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A team headed by Lockheed Martin Space Systems Co. (LMSSC) has received a $5.7 M contract from DARPA to compete in Phase 1 development of its System F6 space technology and demonstration program. F6 is shorthand for “Future, Fast, Flexible, Fractionated, Free-Flying Spacecraft United by Information Exchange.”
The DARPA System F6 program intends to demonstrate that a traditional, large, monolithic satellite can be replaced by a group of smaller, individually launched, wirelessly networked and cluster-flown spacecraft modules. Each “fractionated” module can contribute a unique capability to the rest of the network, such as computing, ground communications, or payload functionality. The ultimate goal of the program is to launch a fractionated spacecraft system and demonstrate it in orbit in approximately four years.
“Our team brings together the perfect combination of innovation, expertise, experience and past performance to successfully demonstrate the value and flexibility of a fractionated approach to satellite systems,” said Jim Ryder, vice president of the Lockheed Martin Space Systems Advanced Technology Center (ATC) in Palo Alto, CA. “For our 12-month Phase 1 preliminary design effort, we will evaluate fractionation technologies and system econometrics, simulate the fractionated space network mission with our extensive space-qualified hardware-in-the-loop (HIL) and Controls & Automation Laboratory testbeds and work closely with our DARPA partner to conduct a thorough stakeholder analysis to identify potential mission partners.”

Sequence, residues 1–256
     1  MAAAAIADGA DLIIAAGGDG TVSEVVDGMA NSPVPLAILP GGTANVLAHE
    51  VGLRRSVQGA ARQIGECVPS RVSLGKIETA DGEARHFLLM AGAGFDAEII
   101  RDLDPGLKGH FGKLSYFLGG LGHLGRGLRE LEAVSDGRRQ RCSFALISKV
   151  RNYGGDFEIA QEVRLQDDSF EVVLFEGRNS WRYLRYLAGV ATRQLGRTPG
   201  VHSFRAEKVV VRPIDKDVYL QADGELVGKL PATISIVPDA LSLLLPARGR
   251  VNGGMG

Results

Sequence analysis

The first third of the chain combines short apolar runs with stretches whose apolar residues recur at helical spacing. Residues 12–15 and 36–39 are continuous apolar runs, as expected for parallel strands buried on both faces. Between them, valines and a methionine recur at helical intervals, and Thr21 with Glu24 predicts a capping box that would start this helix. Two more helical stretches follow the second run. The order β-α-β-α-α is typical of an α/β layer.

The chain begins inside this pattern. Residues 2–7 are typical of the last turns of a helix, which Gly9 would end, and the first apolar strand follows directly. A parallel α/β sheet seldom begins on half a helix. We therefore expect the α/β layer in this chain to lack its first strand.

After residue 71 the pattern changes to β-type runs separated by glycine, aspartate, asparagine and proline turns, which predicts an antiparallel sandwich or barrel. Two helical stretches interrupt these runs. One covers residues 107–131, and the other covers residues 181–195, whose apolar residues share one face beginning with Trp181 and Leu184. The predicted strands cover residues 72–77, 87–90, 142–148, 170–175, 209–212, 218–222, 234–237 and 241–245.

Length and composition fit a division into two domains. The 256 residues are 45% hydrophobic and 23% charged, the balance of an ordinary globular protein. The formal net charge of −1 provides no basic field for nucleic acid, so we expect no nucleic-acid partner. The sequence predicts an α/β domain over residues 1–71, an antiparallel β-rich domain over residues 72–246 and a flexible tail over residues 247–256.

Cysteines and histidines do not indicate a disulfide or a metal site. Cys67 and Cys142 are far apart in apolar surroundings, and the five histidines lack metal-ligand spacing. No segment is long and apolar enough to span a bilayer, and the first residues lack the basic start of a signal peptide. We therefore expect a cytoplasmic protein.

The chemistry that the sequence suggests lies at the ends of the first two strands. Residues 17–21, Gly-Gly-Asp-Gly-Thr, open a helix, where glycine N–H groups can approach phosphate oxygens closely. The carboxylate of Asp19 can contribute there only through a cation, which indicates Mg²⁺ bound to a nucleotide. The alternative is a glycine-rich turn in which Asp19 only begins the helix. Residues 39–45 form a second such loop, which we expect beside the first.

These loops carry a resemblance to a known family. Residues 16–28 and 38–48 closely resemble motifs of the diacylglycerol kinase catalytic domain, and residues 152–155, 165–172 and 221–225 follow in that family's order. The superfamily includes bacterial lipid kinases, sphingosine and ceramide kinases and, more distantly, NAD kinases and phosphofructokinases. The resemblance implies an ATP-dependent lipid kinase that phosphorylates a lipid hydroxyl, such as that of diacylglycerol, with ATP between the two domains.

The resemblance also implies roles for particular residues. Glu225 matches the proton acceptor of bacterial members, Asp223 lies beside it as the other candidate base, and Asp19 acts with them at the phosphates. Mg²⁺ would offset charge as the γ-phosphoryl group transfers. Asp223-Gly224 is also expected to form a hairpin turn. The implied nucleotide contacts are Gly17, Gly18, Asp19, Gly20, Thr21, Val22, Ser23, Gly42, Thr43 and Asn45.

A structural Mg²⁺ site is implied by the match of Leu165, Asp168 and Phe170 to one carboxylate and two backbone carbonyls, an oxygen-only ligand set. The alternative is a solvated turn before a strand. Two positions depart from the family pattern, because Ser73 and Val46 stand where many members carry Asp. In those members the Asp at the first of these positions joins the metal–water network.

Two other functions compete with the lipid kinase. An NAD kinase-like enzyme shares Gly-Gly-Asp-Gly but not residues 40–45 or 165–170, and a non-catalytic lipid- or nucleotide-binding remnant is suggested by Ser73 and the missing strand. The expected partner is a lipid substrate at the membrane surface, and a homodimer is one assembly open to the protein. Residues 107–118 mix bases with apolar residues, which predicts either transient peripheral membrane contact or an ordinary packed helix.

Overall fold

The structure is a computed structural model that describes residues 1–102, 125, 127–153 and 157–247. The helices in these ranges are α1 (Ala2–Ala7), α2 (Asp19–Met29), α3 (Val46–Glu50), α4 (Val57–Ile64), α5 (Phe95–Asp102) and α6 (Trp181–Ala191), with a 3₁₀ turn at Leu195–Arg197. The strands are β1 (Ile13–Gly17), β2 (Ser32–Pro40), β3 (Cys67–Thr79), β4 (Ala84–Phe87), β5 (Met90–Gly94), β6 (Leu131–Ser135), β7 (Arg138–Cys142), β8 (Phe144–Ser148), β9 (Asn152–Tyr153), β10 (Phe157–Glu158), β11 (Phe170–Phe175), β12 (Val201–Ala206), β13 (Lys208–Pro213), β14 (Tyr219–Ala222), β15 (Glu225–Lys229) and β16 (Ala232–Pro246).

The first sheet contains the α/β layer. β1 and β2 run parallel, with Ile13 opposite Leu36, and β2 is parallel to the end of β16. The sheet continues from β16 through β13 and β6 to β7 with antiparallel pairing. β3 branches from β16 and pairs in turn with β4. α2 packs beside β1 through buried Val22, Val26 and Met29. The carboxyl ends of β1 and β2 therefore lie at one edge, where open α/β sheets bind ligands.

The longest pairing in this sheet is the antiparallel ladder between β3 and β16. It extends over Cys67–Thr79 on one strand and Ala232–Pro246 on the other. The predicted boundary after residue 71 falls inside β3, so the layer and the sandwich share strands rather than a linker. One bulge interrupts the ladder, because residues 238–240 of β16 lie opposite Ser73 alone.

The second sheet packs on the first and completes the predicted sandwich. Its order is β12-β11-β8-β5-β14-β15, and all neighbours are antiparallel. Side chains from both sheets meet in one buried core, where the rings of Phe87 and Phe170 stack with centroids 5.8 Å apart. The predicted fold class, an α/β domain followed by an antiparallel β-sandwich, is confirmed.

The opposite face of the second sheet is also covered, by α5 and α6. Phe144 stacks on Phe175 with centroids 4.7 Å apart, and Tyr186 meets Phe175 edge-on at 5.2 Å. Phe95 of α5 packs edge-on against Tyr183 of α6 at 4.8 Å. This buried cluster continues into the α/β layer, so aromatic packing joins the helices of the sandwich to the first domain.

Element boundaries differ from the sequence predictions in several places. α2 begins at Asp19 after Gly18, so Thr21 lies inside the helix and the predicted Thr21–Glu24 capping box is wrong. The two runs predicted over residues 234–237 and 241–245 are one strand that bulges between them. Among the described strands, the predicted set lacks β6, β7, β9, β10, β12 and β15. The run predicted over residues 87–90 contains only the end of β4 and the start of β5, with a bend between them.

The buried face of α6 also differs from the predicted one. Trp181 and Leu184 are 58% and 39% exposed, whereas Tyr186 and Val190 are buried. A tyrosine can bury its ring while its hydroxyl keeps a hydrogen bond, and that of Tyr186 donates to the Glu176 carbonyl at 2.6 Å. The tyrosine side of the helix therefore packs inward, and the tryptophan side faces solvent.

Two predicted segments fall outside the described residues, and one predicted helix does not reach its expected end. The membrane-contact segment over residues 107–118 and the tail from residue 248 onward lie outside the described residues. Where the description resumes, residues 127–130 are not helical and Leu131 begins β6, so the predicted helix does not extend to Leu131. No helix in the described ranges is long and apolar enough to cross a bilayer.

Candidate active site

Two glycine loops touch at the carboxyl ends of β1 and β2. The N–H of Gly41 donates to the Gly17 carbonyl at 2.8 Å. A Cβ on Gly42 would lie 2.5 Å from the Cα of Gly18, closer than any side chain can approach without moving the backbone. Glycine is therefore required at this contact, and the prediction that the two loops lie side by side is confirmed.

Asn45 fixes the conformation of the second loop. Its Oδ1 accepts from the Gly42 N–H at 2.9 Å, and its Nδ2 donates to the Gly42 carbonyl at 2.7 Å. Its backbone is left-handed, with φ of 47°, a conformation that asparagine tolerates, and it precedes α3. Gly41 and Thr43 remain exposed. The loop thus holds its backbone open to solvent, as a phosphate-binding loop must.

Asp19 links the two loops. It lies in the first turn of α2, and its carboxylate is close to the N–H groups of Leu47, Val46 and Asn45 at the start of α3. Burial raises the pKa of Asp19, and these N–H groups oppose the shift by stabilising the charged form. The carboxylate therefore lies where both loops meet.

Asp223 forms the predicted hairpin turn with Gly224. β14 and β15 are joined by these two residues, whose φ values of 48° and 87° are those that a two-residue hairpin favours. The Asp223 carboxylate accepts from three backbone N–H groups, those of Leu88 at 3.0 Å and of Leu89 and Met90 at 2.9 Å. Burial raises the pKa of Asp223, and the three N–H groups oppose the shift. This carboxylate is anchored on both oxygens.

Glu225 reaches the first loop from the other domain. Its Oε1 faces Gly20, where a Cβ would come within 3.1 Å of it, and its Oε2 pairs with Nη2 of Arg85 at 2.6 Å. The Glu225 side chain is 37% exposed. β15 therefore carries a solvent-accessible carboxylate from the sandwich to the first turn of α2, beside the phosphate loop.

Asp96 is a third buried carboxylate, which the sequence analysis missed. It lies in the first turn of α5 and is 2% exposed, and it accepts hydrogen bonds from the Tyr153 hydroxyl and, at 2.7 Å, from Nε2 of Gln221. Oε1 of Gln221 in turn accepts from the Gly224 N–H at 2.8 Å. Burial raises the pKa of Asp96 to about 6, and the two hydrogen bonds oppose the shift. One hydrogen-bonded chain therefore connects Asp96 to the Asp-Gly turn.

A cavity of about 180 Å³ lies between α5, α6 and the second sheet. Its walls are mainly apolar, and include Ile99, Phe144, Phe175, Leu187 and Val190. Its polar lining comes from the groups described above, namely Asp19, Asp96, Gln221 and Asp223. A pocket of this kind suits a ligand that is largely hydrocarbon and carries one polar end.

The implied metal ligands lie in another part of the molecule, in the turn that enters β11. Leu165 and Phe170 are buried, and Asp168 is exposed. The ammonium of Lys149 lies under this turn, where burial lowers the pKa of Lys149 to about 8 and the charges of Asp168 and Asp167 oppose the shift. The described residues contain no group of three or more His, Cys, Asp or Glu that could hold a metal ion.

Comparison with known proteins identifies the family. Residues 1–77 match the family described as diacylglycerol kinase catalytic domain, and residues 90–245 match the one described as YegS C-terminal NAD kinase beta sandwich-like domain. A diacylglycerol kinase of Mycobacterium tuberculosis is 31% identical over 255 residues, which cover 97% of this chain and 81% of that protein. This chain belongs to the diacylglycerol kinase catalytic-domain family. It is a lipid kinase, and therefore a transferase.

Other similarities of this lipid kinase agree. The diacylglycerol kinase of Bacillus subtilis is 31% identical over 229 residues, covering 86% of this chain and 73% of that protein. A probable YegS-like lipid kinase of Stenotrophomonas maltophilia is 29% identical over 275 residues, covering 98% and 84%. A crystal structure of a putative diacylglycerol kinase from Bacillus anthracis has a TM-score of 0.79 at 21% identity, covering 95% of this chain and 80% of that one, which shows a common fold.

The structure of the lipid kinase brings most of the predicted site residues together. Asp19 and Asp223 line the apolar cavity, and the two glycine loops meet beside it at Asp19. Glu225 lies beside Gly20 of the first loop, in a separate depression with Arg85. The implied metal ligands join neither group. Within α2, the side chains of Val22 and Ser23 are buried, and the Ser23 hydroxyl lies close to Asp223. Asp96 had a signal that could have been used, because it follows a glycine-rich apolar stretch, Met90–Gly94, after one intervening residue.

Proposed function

The Lockheed Martin effort comprises a multi-disciplinary team of leaders for all System F6 technology pillars. The ATC delivers advanced research in space system network architectures and control for fractionation. The LMSSC Surveillance & Navigation Systems (SNS) line of business delivers experience in mission partner concepts and fielding SmallSats for proximity operations. Lockheed Martin Information Systems & Global Services (IS&GS) delivers ground systems. Other teammates include Colbaugh & Heinsheimer (supported by several Stanford University professors), Aurora Flight Sciences (supported by several MIT professors) and Vanderbilt University.